In a conference room full of about 75 writers and journalists, one woman rose her hand and revealed a shocking story about a male editor: He claimed he was taking her story idea to write about as his own (also known as “idea theft,” a huge faux pas in the writer community). Many in the room gasped. Then, the panel of speakers proceeded to be furious for their newfound friend, to champion her cause, and to give her point-by-point advice on how to compose an email back to him with the appropriate balance of righteous anger and professional poise.
What made this freelance writer comfortable sharing such a contentious story—to a room full of strangers— that could impact her career?
She was in a room full of only women.
I rarely go to conferences, but I will always return to BinderCon, a professional conference in New York and Los Angeles for women and gender non-conforming writers. I’m an introvert, so normally I find conferences uncomfortable; I'm unable to approach a stranger and chitchat about the buffet food. But in the safe space of BinderCon, I can start talking with anyone. I can chase down the writer who said something interesting in the last Q&A session. In large part, I open up because these are all women who know exactly what I’m going through in daily life, in a career dominated by men.
The conference has me wondering: Shouldn’t there be more women’s only spaces? Where might this be appropriate? Do women’s only spaces ever become exclusive and sexist themselves?
More women; more spaces
Currently, gender-specific events and spaces are blossoming in areas typically monopolized by men, like the gym or certain types of offices. Coworking spaces are often populated by tech workers and other male-dominated professions. To offer an alternative, female-focused coworking offices and social clubs have sprouted up from São Paulo, Brazil to New York.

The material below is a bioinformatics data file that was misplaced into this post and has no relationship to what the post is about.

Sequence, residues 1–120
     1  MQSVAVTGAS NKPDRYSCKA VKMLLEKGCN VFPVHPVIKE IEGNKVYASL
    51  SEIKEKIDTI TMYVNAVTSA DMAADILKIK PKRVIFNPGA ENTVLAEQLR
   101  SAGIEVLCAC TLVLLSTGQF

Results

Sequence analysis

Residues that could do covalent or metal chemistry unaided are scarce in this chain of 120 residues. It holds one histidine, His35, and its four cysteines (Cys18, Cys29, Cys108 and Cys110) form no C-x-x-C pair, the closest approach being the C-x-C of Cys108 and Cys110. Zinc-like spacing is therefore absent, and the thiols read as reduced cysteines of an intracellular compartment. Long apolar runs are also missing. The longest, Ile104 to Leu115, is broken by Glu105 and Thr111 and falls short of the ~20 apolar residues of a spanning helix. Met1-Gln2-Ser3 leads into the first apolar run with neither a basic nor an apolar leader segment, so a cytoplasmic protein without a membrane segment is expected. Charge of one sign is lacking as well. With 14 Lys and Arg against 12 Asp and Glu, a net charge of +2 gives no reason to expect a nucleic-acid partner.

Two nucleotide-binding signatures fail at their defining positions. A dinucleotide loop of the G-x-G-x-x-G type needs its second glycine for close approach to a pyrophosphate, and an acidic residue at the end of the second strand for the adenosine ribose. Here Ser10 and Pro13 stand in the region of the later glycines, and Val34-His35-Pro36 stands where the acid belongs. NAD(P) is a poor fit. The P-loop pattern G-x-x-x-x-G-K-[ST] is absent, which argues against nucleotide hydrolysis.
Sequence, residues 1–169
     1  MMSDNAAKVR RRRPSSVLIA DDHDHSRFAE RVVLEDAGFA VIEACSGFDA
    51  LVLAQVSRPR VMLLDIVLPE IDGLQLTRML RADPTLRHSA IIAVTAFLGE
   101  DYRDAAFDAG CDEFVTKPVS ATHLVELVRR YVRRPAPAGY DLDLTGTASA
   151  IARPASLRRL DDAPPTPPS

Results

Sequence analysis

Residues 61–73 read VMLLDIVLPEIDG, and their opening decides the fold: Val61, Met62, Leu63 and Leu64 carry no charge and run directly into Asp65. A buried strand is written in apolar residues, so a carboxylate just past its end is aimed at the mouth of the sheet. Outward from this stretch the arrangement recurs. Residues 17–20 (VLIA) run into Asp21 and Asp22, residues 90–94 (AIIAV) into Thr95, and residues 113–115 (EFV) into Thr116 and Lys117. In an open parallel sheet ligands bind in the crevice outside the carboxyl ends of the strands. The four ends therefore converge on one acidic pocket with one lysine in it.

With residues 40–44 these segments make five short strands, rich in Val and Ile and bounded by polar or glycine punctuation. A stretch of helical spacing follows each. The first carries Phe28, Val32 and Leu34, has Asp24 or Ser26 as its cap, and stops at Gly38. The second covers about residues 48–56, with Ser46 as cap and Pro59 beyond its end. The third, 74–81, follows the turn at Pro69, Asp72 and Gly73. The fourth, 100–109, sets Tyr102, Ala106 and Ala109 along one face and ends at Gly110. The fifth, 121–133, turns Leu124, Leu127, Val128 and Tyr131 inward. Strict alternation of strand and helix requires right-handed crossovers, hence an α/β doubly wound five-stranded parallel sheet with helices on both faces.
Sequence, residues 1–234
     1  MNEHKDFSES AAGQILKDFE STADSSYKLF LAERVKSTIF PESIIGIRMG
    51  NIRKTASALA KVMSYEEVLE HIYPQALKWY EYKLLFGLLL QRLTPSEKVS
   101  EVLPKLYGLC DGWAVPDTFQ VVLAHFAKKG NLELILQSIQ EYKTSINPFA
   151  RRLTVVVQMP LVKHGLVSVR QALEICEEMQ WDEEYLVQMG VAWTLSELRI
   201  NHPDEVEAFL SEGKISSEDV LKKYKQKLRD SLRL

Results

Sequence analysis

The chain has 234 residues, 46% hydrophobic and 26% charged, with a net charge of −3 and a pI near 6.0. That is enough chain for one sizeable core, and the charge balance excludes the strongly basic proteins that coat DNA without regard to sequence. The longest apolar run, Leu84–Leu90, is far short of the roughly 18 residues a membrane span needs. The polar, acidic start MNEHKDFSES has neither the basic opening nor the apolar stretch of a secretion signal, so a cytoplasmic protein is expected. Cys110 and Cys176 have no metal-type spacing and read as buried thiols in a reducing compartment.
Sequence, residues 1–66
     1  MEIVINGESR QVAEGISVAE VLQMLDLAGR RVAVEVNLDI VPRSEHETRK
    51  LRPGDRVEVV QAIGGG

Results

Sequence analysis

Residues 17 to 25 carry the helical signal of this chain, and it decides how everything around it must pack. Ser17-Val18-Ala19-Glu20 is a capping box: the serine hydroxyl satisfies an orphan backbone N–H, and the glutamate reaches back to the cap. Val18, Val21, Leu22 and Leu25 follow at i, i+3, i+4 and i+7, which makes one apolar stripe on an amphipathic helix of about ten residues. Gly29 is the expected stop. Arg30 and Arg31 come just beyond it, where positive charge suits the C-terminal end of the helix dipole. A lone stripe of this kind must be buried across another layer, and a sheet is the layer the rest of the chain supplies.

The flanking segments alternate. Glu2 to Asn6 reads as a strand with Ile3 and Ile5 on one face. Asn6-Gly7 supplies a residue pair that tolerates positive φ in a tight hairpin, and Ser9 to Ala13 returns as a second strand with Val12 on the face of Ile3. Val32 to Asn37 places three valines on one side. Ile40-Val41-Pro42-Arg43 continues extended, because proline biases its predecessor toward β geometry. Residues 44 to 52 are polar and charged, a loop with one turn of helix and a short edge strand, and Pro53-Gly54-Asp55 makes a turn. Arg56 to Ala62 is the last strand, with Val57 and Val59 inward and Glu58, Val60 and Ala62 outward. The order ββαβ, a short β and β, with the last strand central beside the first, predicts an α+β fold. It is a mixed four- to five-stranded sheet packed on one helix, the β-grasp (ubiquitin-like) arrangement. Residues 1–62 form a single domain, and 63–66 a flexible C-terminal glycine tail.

The founder of Hera Hub, an international network of shared offices for women, didn’t feel comfortable in the traditional coworking spaces that she toured, as her franchisee Julia Westfall explains. “She set out to create something that had an atmosphere and decor where she wanted to go every day.” Westfall was captivated by this new model, so she set up an outpost of Hera Hub in D.C.
“It’s more of a supportive, collaborative feel,” Westfall says. In other offices, doing business often means cut-throat competition. Not so at Hera Hub, she says. “Even within our own membership we have people engaged in the same business, like marketing. [Here,] those people can be stronger in their own businesses and get support in a collaborative way rather than a competitive way.” They swap ideas and share projects, combining their distinct strengths, she says.
Similar to my experience at BinderCon, having a women-focused environment opens up a comfortable space to start intimate, important conversations that might not otherwise happen. “It’s great to be able to hear women supporting each other,” Westfall says. “Some women don’t have confidence in their business skills even though they’re highly competent. … It’s wonderful to hear two women talking, and one saying, ‘This is what I see, when I see you.’ I don’t think that conversation would happen if a man was in the room.”
Having a women-focused environment opens up a comfortable space to start intimate, important conversations that might not otherwise happen.
The hubs are “spa inspired,” Westfall says, “so blues and taupes throughout the space provide a serene environment. We use water fountains for noise screening. We have lamps rather than fluorescent office lighting to give a different vibe.” The idea is that people are more productive when they’re relaxed—not to mention that they hope to attract more women with their homey, laid-back aura.
Westfall says these women-focused spaces need to exist because other office environments feel exclusive. But doesn’t this then perpetuate the problem in the opposite direction? Hera Hub has thought of that too. “We really are focused on providing an inclusive environment so women feel included, rather than excluding men,” Westfall explains. While Hera Hub relies on its branding, decor and community to attract women, all genders are completely allowed in the space and can become full-time members. (Hera Hub is proud to say there is one male member among 73 coworkers in D.C.)